The many ways to go…
We are so lucky in Drammen that we have a unique cultural monument that is used by the city's population almost 150 years after it was built. A group of far-sighted citizens saw the potential that lay in Bragernesåsen.
This grazed and rather bare, barren and south-facing hillside close to the river and the city could be planted and paths and roads could be made so that the city's people could enjoy the blessing of hiking and fresh air a short distance from the center. After some individual citizens had started planting at their own expense and started to build a walkway that we today call the Zik-Zak, the Åsk Committee was founded in 1880. The committee raised money, planned and participated in the work many generations of Drammen residents and visitors have been able to enjoy. good of. We remember the names of the initiators and later sponsors and supporters because some of the most popular paths and places were named after them: Wriedts bench, Wulfsberg Chausséen, Oscarstien, Thurmanns vei, Otto Lund's path, printer Købkes vei, Ingeniør Walter's vei etc. The most important the source of knowledge about this is Per Otto Borgen's book The Fairy Tale about Bragernesåsen, from 1996.
We can wonder how such a magnificent and complicated structure in a fairly rough nature was possible. The answer lies in the fact that Drammen, then as now, was a port and trading town with its gaze facing both the valleys and mountain ranges and out towards the fjord and the great foreign land. It was the romantic ideas of closeness to nature and the notion that fresh air and movement served both the body and the soul, which resonated here. The proximity to trends in Germany, Switzerland, Italy, France and England meant that the people of Drammen were completely in step with the times, that walking was a cultural activity that could be developed through facilitation. Drywalls in stone walls and railings at the steepest cliffs and most spectacular viewpoints made the trip safe, and in selected places pavilions were built with easy serving. For a long time, Norwegian natural scientists (botanists, geologists, cartographers, meteorologists) had conquered the mountains through their collection of knowledge, and painters, poets and composers had sung the national splendor that lay in the rural culture, the fjords and the mountain massifs. And already in 1868, the Norwegian Tourist Association was founded. Hiking was when the work with the city's Friluftssanatorium was started has already become a diverse, formalized and increasingly widespread activity. The romantic cultivation of fervor and empathy allowed the sensitive human mind to be tuned to receive impulses from the appearance of nature and thus create an inner movement, a vital self-activity in the one who wandered, free and reflected, with no other purpose than to get a rich, reflected experience. This made the walk an experience that could be compared to the art experience, the art experience that at the end of the 19th century also emphasized it with the personal, participatory self-activity. Walking for the sake of walking became almost an art form. To walk in this way was something quite different and more than just moving one's body from one point to another. The cultural history of hiking is not at all identical to the technology history of transport.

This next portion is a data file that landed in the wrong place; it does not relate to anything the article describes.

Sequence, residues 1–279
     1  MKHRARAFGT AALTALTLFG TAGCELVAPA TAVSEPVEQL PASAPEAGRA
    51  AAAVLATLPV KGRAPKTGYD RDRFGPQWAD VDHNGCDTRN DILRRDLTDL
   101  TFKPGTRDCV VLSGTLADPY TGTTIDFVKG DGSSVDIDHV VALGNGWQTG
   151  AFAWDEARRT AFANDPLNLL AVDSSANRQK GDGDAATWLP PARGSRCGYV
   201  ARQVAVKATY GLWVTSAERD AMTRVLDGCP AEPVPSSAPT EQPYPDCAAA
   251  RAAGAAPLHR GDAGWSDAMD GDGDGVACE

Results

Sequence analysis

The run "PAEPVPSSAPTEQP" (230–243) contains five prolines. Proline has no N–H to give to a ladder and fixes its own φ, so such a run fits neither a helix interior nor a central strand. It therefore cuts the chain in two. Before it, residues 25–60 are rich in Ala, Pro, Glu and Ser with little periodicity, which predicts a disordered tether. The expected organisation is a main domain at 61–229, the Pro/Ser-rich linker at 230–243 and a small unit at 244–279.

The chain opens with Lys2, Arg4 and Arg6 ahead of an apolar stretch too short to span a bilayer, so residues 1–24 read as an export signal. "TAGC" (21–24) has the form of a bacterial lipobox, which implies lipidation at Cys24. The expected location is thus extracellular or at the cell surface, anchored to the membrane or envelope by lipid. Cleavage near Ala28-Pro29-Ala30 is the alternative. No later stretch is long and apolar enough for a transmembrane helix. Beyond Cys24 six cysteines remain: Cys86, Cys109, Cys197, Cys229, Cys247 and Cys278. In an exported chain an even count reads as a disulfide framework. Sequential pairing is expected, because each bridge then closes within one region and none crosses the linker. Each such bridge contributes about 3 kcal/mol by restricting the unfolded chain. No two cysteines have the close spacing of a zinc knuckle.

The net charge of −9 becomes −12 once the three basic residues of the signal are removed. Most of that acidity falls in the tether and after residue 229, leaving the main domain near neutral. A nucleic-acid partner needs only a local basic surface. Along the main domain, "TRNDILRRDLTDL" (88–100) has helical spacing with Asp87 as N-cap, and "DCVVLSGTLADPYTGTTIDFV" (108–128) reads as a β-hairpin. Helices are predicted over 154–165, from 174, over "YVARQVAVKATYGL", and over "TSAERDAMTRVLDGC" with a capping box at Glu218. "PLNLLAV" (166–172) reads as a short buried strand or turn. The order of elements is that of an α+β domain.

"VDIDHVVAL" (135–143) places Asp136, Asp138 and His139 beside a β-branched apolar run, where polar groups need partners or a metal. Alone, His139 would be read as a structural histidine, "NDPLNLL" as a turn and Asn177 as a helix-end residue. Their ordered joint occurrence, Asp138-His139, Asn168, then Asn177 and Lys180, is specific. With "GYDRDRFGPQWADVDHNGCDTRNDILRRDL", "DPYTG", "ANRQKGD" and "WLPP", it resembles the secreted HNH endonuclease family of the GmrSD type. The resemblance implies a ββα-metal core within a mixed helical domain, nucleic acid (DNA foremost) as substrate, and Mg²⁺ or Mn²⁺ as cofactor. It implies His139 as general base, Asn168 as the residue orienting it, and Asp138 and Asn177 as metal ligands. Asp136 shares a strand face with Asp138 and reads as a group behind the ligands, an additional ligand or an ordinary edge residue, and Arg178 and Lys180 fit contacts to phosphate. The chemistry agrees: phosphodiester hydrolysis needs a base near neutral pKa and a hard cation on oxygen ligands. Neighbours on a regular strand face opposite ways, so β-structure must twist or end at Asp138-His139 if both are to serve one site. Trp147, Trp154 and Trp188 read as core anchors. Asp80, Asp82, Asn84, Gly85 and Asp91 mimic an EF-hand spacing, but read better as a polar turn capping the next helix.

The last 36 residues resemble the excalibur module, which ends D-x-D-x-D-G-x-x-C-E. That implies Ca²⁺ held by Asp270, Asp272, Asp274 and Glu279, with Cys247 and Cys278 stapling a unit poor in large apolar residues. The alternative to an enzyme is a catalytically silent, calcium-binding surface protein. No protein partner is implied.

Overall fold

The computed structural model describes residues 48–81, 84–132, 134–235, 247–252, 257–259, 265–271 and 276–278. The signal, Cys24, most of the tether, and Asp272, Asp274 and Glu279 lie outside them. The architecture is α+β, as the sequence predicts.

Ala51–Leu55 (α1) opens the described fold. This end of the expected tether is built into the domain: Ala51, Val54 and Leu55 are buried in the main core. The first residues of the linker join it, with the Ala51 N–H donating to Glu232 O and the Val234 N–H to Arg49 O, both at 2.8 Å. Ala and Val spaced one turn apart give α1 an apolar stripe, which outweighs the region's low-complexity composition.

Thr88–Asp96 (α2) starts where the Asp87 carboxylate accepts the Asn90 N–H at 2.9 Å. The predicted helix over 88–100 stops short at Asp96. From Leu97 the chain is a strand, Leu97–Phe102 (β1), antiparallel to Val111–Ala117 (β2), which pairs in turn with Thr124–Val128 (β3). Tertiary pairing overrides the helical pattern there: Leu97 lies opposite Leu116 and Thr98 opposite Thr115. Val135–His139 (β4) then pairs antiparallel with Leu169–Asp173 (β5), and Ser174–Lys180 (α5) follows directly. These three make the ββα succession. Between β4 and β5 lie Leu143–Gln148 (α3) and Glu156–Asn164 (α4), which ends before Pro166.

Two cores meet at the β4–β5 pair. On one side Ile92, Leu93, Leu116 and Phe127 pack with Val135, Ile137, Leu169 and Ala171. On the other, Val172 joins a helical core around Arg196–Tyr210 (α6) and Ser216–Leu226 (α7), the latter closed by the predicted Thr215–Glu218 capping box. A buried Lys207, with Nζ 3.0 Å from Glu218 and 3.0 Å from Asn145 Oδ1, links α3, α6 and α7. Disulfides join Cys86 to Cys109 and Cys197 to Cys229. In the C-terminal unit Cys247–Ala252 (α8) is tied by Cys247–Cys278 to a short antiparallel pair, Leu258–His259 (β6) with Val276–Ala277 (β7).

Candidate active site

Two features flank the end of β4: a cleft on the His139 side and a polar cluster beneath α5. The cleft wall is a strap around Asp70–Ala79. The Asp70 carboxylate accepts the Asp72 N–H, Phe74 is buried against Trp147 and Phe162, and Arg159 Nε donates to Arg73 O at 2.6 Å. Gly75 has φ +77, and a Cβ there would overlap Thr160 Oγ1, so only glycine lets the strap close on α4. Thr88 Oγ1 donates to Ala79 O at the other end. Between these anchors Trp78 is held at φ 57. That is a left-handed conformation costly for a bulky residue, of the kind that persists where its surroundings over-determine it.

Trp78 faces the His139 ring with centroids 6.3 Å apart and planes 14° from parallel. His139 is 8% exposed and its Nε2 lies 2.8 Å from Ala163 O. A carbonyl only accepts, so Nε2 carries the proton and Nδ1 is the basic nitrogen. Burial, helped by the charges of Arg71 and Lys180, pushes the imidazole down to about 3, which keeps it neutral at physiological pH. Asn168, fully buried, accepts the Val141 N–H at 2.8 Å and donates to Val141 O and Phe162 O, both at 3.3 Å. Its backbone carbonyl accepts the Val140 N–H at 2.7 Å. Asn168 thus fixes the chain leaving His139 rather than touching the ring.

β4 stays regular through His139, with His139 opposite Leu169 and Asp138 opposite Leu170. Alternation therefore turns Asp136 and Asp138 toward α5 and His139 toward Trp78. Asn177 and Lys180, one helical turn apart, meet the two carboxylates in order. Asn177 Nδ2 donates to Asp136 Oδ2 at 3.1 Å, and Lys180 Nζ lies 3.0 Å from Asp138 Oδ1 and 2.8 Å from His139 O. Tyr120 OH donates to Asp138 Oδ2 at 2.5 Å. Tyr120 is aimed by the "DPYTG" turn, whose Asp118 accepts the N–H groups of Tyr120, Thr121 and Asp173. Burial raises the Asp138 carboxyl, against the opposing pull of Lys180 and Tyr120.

The exhibition is based on Bragernesåsen as an open-air sanatorium for the city's population. That the exhibition comes on the 150th anniversary of the Tourist Association is a happy coincidence. The exhibition highlights the many forms of hiking through the centuries, and we will also see how the use of the organized hiking trails has changed character and today is also used for training and physical challenge through hard sessions and summit hikes. The hikes and hikes have a rich cultural history, and we will see how everything from nature conservation to modern hiking art and advertising for sports equipment follows in the footsteps of the corridor. The exhibition will show Drammen as a cultural place connected to the big world.
Åsmund ThorkildsenMuseum director
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